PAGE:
Chickamauga | Reed’s Bridge | Sept 18, 1863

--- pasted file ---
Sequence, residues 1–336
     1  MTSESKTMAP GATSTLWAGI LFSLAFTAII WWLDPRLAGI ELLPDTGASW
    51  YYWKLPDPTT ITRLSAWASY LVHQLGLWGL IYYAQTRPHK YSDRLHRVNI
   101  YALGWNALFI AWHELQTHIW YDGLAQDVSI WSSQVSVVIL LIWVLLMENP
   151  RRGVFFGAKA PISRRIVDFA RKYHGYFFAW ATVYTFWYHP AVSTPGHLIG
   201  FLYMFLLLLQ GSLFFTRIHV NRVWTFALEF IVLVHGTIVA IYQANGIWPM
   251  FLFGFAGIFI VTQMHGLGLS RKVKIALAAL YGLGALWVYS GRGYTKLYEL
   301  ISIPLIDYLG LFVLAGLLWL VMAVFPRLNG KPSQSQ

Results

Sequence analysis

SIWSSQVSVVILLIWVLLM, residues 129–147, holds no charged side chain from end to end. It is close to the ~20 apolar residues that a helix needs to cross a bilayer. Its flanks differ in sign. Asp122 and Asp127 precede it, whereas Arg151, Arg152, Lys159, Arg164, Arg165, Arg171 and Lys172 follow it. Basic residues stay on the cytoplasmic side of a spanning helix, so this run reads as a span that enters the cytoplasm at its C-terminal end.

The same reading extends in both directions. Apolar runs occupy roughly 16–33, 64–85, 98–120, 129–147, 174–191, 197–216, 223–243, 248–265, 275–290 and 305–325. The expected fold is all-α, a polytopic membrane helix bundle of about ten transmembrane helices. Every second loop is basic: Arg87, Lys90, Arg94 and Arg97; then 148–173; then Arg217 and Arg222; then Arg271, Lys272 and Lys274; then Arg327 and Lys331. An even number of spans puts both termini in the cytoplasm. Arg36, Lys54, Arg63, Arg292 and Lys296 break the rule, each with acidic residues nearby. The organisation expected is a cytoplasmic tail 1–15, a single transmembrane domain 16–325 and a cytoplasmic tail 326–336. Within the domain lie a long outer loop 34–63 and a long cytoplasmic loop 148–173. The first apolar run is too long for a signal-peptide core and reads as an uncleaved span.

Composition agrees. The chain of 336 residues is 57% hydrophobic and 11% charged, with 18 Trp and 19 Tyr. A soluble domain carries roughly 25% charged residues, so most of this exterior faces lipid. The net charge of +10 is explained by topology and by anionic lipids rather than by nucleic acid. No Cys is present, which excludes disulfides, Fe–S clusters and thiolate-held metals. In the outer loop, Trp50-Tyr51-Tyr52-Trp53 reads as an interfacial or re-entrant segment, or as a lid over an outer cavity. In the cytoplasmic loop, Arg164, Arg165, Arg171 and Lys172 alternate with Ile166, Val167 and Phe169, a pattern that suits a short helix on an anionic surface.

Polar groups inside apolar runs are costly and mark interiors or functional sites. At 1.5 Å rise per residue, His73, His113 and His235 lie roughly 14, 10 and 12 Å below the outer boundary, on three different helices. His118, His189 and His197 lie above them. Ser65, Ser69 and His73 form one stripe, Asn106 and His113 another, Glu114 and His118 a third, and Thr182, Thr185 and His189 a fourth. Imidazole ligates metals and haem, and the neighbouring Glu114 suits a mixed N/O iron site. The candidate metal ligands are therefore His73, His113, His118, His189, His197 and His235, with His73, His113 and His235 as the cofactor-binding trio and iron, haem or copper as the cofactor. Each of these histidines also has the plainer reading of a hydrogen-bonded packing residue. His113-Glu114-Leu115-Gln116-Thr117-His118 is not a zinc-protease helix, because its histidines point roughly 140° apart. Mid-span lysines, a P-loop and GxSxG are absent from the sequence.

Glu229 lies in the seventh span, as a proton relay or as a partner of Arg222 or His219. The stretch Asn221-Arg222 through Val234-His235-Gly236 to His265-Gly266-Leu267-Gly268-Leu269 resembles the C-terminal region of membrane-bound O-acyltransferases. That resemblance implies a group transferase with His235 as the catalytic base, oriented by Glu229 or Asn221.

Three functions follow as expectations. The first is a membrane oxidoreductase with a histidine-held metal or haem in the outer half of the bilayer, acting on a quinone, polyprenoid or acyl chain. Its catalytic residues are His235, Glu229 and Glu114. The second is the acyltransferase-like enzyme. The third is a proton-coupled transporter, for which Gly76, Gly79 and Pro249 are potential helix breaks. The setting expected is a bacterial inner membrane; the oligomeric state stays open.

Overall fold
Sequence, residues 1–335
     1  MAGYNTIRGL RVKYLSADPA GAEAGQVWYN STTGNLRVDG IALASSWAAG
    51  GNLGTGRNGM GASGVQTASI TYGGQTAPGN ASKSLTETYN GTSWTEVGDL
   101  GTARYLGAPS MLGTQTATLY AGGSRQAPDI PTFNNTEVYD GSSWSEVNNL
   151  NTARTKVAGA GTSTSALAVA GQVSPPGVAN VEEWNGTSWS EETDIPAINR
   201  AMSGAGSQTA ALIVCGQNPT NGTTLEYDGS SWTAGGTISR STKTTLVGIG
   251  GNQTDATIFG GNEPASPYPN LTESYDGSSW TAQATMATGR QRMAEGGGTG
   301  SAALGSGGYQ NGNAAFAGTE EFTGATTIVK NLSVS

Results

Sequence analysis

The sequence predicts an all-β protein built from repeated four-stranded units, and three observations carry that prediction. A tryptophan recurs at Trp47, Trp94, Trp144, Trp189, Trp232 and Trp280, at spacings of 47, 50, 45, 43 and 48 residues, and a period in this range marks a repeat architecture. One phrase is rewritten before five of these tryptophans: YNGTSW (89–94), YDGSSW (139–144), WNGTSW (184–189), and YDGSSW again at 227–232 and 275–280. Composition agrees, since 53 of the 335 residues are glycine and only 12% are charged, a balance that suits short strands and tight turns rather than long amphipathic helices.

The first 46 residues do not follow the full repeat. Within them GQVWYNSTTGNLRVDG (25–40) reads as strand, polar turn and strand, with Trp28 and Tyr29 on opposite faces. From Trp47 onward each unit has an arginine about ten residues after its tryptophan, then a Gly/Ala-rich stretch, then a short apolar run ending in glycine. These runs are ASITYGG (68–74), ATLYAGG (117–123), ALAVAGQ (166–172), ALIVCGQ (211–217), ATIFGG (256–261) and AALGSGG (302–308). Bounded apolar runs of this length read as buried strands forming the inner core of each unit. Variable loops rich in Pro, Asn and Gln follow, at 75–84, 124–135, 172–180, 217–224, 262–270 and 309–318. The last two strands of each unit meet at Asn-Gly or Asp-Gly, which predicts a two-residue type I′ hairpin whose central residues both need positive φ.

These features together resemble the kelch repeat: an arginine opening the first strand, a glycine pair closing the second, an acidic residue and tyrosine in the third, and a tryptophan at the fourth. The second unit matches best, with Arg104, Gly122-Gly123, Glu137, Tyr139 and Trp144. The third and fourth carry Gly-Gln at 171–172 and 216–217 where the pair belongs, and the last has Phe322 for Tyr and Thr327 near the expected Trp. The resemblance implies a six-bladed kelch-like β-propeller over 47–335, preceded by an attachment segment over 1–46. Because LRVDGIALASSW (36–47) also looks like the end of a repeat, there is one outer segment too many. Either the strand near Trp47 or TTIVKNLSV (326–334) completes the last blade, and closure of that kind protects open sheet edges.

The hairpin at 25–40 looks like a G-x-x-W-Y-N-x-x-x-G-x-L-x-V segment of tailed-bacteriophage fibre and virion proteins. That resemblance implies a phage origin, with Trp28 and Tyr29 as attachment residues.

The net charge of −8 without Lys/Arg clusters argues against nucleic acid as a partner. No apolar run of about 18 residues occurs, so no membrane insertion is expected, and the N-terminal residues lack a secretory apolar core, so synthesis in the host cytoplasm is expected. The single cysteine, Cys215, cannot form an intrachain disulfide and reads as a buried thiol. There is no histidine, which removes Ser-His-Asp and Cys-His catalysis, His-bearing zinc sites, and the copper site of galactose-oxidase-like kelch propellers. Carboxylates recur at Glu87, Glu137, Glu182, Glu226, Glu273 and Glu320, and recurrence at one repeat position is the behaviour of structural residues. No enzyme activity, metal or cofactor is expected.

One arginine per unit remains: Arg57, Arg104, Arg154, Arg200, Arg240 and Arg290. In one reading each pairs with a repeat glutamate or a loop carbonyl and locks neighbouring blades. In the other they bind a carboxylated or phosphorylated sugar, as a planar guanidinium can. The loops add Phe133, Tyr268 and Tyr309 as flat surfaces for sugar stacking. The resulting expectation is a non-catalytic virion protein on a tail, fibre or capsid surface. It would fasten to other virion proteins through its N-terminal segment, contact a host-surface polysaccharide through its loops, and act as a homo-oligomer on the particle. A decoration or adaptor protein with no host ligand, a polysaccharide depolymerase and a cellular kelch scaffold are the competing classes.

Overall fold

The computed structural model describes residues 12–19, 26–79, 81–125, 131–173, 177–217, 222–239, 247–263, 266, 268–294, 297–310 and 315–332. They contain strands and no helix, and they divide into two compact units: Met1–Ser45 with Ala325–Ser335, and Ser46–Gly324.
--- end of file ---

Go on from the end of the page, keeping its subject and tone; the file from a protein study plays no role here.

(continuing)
On the morning of September 18, 1863, Confederate Gen. Bushrod Johnson’s division, supported by Gen. Nathan Bedford Forrest’s Cavalry, crossed West Chickamauga Creek near Reed’s Bridge to attack the Union left flank. Federal Col. Robert Minty, tasked with guarding the approach to Reed’s Bridge with only three cavalry regiments, a battalion of Fourth U.S. Cavalry, and a section of the Chicago Board of Trade battery, delayed the Confederate crossing. At 7:30 a.m., Forrest began a skirmish with Minty a mile east of Reed’s Bridge, opening the battle of Chickamauga with a fierce fight that continued throughout the afternoon. As Johnson’s superior force advanced, Minty was pushed back toward Reed’s Bridge, where he formed a line to hold off the Confederate assailants. Desperate for reinforcements, Minty called on Col. John T. Wilder, who sent over seven companies of the 72nd Indiana Mounted Infantry, the 123rd Illinois Mounted Infantry, and a section of Capt. Eli Lilly’s Battery while in the midst of his own struggle at nearby Alexander’s Bridge. Reinforcements, however, could not hold off Forrest’s cavalry. In one quick onrush, Forrest drove the stubborn Federals over the bridge. Col. John Fulton's Tennesseans pushed across the bridge behind them, still under fire from Minty's men. As the Chicago Board of Trade battery raked the opposing Confederates with canister shot, Forrest’s cavalry forded the creek, and Minty was finally forced to retreat, ending the skirmish that began the battle of Chickamauga.
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